Thank you for the great lesson plan. I have a question about the PPT game "Bank, Burn or Steal" Does Burn mean the group loses that amount of money? and Bank means they earn that amount of money and Steal they steal that amount from another team.

Just wanted to check if I understand the game clearly


  • Mattaru
  • Veteran

    • 151

    • April 26, 2012, 03:29:10 pm
    • Yeongam
Re: ~ I will / I am / I have ~
« Reply #12 on: October 11, 2012, 02:57:48 pm »
Ran this lesson through with my third grade middle school students today. They are very adverse to doing worksheets and my co-teacher has actively discouraged me from doing worksheets.

I've reorganized the PPT so that you can do it without the worksheet. It's mostly done through eliciting. Thanks for the lesson Dan, it's awesome!

Some of the slides are borrowed from one of _Omiak_'s lessons.
My first day I watched a few lessons and had my first class which was a Grade 2 class or something like that. I thought every things was great until a kid ddong-chimmed me.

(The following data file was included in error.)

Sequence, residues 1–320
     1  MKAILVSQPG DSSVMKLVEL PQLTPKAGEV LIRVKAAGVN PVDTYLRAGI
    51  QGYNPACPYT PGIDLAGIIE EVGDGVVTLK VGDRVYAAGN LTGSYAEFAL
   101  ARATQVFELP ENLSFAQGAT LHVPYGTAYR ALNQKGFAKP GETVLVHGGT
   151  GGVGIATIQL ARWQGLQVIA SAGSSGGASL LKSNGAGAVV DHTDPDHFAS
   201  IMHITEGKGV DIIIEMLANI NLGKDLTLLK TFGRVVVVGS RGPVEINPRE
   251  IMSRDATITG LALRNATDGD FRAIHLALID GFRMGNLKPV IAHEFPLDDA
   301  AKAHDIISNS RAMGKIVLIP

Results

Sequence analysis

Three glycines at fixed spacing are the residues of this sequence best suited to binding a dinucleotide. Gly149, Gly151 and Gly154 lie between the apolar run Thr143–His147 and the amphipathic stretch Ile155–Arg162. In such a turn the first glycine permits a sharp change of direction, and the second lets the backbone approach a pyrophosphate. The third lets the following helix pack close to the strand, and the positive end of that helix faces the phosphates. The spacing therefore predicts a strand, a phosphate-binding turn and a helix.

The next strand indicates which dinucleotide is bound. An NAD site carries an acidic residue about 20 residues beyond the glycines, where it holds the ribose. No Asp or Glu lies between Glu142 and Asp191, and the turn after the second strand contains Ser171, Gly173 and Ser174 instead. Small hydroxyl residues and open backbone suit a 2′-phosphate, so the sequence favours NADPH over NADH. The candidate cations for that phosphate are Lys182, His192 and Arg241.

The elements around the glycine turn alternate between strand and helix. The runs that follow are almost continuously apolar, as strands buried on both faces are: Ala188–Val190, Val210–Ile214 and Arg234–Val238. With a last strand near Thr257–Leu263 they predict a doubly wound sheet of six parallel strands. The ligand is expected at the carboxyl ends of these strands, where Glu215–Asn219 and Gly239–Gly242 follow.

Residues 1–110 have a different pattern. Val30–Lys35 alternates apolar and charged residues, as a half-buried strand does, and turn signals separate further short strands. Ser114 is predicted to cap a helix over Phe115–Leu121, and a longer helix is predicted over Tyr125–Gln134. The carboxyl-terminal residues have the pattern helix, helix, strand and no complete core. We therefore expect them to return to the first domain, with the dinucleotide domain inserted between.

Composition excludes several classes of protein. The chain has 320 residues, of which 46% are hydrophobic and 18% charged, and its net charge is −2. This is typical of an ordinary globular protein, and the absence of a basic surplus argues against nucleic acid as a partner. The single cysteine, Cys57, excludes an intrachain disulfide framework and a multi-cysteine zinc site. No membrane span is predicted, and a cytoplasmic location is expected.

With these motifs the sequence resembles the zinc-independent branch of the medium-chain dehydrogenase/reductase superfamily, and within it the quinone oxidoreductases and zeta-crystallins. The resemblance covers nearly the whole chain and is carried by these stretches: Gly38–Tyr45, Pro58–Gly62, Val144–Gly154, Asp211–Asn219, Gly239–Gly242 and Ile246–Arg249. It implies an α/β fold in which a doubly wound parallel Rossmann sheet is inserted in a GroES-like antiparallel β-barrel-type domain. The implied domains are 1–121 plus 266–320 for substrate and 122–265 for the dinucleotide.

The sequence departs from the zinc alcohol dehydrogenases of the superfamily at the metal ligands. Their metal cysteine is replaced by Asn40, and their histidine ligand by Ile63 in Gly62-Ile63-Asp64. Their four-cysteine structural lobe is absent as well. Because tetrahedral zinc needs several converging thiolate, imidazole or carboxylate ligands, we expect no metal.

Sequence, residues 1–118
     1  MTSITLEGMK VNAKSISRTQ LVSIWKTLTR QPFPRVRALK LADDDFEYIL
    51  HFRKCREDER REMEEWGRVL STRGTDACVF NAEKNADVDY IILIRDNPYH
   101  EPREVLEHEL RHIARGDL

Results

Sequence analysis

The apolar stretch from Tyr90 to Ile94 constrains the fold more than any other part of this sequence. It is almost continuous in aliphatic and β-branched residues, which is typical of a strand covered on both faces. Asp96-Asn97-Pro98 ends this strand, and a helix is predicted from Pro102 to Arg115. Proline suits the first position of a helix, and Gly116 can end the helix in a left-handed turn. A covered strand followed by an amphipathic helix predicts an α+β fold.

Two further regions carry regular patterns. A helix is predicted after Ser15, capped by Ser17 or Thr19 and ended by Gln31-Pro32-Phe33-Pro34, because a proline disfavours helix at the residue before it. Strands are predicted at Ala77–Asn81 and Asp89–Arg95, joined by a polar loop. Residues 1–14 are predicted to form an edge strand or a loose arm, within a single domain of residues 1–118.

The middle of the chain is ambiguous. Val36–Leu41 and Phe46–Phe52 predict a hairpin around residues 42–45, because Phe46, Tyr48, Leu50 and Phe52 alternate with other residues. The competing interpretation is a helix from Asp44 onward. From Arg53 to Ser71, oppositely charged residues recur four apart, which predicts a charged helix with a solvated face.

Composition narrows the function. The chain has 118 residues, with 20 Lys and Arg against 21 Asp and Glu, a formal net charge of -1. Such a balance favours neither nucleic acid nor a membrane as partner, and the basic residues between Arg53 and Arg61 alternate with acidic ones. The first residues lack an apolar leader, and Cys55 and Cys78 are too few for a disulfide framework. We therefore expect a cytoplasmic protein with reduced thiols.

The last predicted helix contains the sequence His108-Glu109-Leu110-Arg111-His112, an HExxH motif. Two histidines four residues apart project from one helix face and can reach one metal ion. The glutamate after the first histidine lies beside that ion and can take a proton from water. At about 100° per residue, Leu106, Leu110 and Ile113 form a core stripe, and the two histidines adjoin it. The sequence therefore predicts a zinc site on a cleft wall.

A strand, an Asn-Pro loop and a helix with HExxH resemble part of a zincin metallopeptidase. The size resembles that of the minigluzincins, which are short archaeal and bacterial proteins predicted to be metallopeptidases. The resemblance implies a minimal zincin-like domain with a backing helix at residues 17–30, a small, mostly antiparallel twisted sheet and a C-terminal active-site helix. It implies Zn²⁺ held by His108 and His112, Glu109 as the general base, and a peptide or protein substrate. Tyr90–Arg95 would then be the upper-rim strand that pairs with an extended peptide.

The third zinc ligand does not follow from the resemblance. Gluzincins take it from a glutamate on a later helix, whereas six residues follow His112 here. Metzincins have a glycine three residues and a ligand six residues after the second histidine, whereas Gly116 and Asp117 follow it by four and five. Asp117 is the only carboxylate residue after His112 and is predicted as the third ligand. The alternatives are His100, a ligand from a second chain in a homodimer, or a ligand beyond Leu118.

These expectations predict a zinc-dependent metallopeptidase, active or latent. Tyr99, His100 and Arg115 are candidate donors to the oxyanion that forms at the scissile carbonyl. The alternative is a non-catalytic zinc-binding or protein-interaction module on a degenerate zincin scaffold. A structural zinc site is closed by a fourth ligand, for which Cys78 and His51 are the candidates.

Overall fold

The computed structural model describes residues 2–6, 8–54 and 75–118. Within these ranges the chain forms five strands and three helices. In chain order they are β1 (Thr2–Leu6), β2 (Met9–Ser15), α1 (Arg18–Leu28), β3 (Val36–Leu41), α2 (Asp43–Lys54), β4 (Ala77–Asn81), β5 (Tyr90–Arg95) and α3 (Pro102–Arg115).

• Bratan
  • Adventurer

    • 31

    • March 10, 2012, 04:25:44 am
    • Busan
Re: ~ I will / I am / I have ~
« Reply #13 on: October 18, 2012, 08:22:41 am »
Hi, I'll use this. I did a similar kind of thing last year but related it just to football.

Just 1 thing. It says: I will run, I am running, I have run. It should be 'ran'.

I'm not having a go, I think that would be hypocritical considering I average about 5 typo's a presentation lol.

Cheers for another lesson.

Actually, that's incorrect. The original poster had it right.